If we focus on any specific notorious diet, according to vast recent studies and the majority of experts The Mediterranean Diet is best suited for those aiming for health and longevity. This diet is based on the traditional foods that people use to eat in countries bordering the Mediterranean Sea, including France, Spain, Greece, and Italy. Numerous studies have now shown that the Mediterranean diet can promote weight loss and help prevent heart attacks, strokes, type-2 diabetes, and premature death. Many researchers also conclude that this diet is much superior to several other diets (like keto, low-fat, etc) in maintaining heart health, healthy brain function and maintaining stamina in older adults.

The key features of Mediterranean diet is-

· Including a variety of fruits like apples, bananas, oranges, pears, strawberries, grapes, dates, figs, melons, peaches and olives into the daily regime.

· Vegetables like potatoes, tomatoes, broccoli, kale, spinach, onions, cauliflower, carrots, Brussels sprouts, cucumbers, sweet potatoes, and turnips too can be enjoyed on a daily basis.

· Nuts and seeds like almonds, walnuts, macadamia nuts, hazelnuts, cashews, sunflower seeds, pumpkin seeds;

· Legumes like beans, peas, lentils, pulses, peanuts, chickpeas,

·Whole grains like oats, brown rice, rye, barley, corn, buckwheat, whole wheat bread and pasta

· Herbs and spices include basil, mint, rosemary, sage, nutmeg, cinnamon, pepper and garlic to make it into the daily diet, fish,

· Seafood like salmon, sardines, trout, tuna, mackerel, shrimp, oysters, clams, crab, and mussels can be included twice weekly.

· using olive oil as the cooking and dressing medium,

· Moderate use of poultry, red meat, and dairy products on a regular basis.

· Limit the intake of sugar-sweetened beverages, added sugars, processed meat, refined grains, refined oils, and other highly processed foods to rare occasions.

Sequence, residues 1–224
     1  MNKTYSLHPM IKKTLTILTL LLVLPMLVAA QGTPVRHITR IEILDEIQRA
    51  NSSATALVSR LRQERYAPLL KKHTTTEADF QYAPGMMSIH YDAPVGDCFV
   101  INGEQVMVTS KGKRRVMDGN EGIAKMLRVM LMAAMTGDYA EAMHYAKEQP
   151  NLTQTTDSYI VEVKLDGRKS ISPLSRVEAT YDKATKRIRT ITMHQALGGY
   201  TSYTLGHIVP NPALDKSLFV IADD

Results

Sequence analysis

· Wine, coffee, and tea are also considered as healthy beverages that can be had around 1-2 cups/glass daily; but it is left to personal choice and optional.

· Fruit juice would be OK to include in moderation, but you’re better off choosing whole fruits to get the benefit of fibre.

The Mediterranean diet is highly recommended for a healthy and long life goal, and in concord with major research studies, it also comes with a disclaimer that it may not necessarily suit one and all. Suitability of any diet depends on several factors like genetics, geographical location, age, underlying health conditions, personal habits, and so on. The key is to adapt a diet for at least two-three months diligently, closely monitor for any allergies or negative impacts on our health, discuss with an health expert and either modify or change the diet accordingly.

It is easy to get into a routine of healthy eating and active living. Plus, nature has gifted us with such bounty and is so easily found that the dream of a happy, healthy and long life is very easily realisable. At the end of the day, what we eat, how we utilise it and our attitude to life are what decides how long we live, how well we live and how well we are received by those around us. Let us live to make our lives better, make our families’ lives better, and make this world a better place to live and for the future generations to come.

To conclude, I will only quote my favourite character who himself enjoyed a healthy, long and adventurous life- Spock from Star Trek series- “Live long and Prosper.”